The University has settled its lawsuit with Melissa Sexton, the former community research postdoctoral fellow who alleged in her complaint that an administrator fired her in 2012 for discriminatory reasons, according to court documents.
Both the University and Sexton’s lawyer Matthew Billips also confirmed that a settlement has been reached. A joint notice of settlement filed Jan. 2 says that as of that date, the two parties were in the process of finalizing an agreement.
Nancy Seideman, Emory’s interim vice president for communications and marketing, wrote in an email to the Wheel that “the terms of the settlement are confidential.” Billips declined to comment on any specifics.
In her lawsuit, Sexton claimed that Ozzie Harris, former senior vice provost for community and diversity, exhibited “discriminatory conduct” during verbal altercations with her that ultimately led to Sexton being fired.
The lawsuit further alleged that other employees had previously told Sexton that Harris discriminated against women.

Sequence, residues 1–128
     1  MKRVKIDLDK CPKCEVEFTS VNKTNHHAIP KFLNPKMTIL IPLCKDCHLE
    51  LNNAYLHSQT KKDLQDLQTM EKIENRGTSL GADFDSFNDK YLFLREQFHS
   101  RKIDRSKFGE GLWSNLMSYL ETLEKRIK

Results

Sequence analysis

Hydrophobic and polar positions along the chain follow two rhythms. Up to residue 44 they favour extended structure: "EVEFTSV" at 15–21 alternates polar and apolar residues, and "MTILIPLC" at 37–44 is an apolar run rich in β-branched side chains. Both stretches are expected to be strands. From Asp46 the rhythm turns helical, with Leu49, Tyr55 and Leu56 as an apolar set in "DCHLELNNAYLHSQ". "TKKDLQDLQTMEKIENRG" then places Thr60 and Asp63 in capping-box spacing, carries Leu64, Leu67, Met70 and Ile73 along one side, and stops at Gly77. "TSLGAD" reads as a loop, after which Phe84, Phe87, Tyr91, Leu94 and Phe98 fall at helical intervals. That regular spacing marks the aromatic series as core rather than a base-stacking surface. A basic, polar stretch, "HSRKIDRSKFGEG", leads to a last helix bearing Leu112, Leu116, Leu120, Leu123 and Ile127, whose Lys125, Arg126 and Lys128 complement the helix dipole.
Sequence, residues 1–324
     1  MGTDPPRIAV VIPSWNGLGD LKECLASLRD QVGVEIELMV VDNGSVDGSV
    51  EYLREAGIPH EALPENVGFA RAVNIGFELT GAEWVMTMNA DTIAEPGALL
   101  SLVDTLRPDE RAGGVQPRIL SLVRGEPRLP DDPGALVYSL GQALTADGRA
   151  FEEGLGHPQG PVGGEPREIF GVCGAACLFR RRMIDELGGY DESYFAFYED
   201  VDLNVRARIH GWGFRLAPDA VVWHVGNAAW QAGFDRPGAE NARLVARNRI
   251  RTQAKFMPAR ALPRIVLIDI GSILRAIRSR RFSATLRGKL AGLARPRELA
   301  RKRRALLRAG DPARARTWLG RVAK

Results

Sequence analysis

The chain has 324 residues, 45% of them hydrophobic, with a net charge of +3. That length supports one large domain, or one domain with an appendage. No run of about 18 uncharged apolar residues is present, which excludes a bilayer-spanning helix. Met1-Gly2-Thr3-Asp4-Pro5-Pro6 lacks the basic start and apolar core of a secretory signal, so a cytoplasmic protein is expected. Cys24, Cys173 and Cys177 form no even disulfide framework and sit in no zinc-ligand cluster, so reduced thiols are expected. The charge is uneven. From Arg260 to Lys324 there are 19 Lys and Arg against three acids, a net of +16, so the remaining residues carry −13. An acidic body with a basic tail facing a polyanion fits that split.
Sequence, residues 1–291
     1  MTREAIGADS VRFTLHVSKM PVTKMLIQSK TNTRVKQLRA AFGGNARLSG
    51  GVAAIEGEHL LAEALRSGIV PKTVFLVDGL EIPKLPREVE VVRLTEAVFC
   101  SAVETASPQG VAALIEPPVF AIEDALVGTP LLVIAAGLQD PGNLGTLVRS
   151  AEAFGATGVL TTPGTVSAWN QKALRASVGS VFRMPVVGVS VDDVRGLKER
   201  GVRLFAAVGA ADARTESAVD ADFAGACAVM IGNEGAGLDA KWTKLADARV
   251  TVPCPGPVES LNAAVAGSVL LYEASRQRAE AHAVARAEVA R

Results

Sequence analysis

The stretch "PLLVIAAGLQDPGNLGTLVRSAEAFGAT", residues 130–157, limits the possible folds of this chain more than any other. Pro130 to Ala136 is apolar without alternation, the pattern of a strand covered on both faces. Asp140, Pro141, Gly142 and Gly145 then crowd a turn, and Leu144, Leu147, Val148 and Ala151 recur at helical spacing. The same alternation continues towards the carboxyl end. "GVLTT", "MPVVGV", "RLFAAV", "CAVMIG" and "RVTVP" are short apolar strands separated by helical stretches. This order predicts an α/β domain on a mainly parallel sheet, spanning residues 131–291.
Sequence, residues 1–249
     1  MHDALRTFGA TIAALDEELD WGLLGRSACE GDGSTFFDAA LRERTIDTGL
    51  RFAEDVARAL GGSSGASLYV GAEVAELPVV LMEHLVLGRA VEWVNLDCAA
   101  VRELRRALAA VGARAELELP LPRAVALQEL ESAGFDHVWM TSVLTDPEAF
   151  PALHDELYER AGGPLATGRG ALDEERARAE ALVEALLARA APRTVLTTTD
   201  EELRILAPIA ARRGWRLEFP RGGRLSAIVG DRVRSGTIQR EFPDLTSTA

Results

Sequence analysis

Sexton’s lawsuit specifically accuses Harris of firing Sexton because she objected to Harris promoting a much-less qualified male candidate to a position in which she had expressed interest, and for responding to and disagreeing with comments Harris made about women not immediately reporting instances of rape or sexual harassment.
Harris is no longer employed by the University as of Oct. 7, the Wheel reported, though the University declined to comment on whether the lawsuit was related to his departure from Emory.
Sexton, meanwhile, worked at Emory for more than a decade. She held multiple positions at the University and helped lead the Transforming Community Project, which studies and aims to promote dialogue on race history.
â€”By Jordan Friedman
Follow Jordan Friedman on Twitter @jmfriedman8